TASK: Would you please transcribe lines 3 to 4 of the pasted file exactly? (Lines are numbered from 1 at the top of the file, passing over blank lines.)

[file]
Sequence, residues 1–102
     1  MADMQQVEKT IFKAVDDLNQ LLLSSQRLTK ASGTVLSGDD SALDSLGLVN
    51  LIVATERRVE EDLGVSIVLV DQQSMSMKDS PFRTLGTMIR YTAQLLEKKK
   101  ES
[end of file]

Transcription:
    51  LIVATERRVE EDLGVSIVLV DQQSMSMKDS PFRTLGTMIR YTAQLLEKKK
   101  ES